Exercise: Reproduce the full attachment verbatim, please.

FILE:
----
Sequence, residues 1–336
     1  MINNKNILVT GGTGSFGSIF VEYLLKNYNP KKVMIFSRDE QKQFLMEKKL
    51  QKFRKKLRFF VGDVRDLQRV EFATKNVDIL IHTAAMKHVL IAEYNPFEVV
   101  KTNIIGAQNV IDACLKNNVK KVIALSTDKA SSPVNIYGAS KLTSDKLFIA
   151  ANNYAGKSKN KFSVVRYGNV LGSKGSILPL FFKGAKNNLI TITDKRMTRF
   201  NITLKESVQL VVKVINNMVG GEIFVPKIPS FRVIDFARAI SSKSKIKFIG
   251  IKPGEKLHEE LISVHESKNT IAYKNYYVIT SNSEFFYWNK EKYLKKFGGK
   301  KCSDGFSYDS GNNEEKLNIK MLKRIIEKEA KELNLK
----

Sequence, residues 1–336
     1  MINNKNILVT GGTGSFGSIF VEYLLKNYNP KKVMIFSRDE QKQFLMEKKL
    51  QKFRKKLRFF VGDVRDLQRV EFATKNVDIL IHTAAMKHVL IAEYNPFEVV
   101  KTNIIGAQNV IDACLKNNVK KVIALSTDKA SSPVNIYGAS KLTSDKLFIA
   151  ANNYAGKSKN KFSVVRYGNV LGSKGSILPL FFKGAKNNLI TITDKRMTRF
   201  NITLKESVQL VVKVINNMVG GEIFVPKIPS FRVIDFARAI SSKSKIKFIG
   251  IKPGEKLHEE LISVHESKNT IAYKNYYVIT SNSEFFYWNK EKYLKKFGGK
   301  KCSDGFSYDS GNNEEKLNIK MLKRIIEKEA KELNLK